If you've ever debated what to feed your baby, stay tuned: The U.S. Department of Agriculture is working on its first-ever dietary guidelines for babies from 0 to 2 years old. (Previous guidelines only offered advice beginning at age 2.) A government panel of experts is reviewing nutrition research and writing the new guidelines, which are expected in the next year or so.
People who specialize in infant nutrition say the foods that babies eat in their first 2 years set the stage for future health. "It's a window identified by science as a critical time period, when the absence of good nutrition could have a significant and irreversible impact on a child's health, future well-being, and brain development," says Lucy Sullivan, founder and executive director of 1,000 Days, an advocacy organization focused on nutrition for pregnant women and babies in the time between conception and Baby's second birthday. Sullivan hopes the new guidelines give parents clarity about what and how to feed babies. "There is, unfortunately, a lot of confusion out there," she says.
Here's some of the advice she would like to see in those guidelines.
A boost for breastfeeding. Sullivan hopes the new guidelines follow the lead of the American Academy of Pediatrics and the World Health Organization, which encourage moms to breastfeed exclusively for the first 6 months and to continue until the first birthday while introducing solid foods. Moms and babies can continue beyond 12 months if it works for both.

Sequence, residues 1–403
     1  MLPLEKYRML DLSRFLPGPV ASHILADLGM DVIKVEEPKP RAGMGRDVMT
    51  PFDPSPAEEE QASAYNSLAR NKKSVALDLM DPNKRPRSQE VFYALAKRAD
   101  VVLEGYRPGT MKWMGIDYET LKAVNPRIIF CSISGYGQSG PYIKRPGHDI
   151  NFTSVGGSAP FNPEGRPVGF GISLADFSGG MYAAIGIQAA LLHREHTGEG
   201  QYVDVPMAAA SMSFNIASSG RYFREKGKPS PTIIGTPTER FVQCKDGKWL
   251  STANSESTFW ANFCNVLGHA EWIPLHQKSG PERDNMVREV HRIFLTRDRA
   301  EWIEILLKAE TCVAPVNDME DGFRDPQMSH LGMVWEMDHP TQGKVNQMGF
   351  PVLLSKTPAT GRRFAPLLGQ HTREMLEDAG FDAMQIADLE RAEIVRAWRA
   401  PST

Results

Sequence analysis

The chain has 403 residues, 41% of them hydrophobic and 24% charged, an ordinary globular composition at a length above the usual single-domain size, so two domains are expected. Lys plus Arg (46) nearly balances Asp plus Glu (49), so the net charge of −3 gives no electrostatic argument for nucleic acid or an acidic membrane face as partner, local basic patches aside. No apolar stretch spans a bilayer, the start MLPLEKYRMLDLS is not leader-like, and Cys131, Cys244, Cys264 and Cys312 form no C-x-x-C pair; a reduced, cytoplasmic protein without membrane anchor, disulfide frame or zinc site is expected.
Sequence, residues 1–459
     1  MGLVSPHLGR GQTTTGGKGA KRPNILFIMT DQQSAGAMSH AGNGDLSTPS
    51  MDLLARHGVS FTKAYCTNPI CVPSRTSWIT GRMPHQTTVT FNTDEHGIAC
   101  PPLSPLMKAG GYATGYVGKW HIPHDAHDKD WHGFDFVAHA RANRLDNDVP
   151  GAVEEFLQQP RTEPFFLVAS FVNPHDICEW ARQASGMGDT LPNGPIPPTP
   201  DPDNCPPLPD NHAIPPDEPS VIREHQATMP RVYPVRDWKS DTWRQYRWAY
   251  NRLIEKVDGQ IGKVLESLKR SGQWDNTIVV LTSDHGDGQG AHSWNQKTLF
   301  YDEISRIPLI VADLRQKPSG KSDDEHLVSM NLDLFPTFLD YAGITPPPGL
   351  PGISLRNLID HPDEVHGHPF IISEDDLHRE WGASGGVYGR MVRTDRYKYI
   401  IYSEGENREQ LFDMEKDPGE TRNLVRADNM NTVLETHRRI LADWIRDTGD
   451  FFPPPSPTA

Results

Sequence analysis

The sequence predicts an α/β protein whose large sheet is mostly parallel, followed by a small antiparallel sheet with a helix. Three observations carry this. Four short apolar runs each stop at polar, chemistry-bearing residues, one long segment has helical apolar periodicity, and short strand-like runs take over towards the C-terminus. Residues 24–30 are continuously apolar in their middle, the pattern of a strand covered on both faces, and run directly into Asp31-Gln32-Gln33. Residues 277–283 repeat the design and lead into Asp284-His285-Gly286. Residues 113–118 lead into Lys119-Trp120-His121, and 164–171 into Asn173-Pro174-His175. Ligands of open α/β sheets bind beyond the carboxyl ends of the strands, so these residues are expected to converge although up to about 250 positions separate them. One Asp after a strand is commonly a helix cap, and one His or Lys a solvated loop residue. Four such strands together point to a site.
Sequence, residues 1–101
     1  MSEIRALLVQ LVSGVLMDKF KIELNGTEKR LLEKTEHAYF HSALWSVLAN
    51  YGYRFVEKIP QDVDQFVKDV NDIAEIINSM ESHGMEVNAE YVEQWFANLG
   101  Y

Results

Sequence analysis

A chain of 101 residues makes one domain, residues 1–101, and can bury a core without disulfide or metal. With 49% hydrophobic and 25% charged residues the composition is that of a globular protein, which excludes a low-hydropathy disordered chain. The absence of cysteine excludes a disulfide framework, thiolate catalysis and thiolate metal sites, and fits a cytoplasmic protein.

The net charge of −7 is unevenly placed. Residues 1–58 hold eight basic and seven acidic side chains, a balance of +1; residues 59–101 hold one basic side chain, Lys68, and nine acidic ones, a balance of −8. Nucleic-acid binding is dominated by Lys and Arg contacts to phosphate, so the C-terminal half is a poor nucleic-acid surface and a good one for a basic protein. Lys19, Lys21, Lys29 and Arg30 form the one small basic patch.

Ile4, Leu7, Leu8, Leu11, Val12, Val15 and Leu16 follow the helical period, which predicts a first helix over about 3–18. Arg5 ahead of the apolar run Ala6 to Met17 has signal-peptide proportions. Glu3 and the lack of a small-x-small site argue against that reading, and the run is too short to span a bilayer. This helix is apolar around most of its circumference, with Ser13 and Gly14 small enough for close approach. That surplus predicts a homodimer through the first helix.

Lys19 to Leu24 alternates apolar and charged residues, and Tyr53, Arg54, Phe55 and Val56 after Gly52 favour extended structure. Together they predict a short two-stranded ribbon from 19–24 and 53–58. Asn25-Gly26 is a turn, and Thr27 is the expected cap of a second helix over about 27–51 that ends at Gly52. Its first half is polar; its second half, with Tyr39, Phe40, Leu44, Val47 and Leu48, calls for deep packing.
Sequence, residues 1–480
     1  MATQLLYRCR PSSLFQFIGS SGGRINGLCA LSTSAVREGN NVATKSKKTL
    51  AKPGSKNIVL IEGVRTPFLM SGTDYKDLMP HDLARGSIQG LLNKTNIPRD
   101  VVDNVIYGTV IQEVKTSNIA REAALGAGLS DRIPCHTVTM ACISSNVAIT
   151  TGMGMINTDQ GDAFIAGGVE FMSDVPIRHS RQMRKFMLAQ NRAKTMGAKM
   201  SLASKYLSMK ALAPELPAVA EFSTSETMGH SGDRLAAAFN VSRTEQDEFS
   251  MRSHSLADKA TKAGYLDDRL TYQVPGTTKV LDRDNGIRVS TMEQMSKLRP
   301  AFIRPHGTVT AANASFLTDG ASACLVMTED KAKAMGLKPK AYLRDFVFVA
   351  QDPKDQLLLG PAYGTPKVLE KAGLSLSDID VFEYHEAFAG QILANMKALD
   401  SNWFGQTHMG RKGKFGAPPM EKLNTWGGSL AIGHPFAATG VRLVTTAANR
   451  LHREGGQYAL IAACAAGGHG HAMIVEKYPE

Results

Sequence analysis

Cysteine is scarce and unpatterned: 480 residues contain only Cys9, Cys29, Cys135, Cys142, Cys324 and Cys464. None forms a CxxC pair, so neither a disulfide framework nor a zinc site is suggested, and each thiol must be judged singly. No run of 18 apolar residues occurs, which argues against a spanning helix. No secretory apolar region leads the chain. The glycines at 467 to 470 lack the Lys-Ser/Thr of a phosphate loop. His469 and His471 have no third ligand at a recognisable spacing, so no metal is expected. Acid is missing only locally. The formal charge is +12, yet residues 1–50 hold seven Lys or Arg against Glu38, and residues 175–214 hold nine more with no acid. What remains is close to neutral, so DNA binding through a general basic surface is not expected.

Among its merits, "breast milk has unparalleled brain-building benefits," Sullivan says, in part because it contains beneficial fats known as long-chain polyunsaturated fats.
A call for variety at 6 months. Sullivan expects the guidelines to address the process of introducing solid foods at 6 months. Although many families start with rice cereal, that should be just one of the first foods.
A ban on fruit juice in the first year. The American Academy of Pediatrics recently urged parents to skip fruit juice before Baby's first birthday, and Sullivan expects the dietary guidelines to echo that rule. "Fruit juice tends to be high in sugar, and it replaces more nutrient-dense food," she says.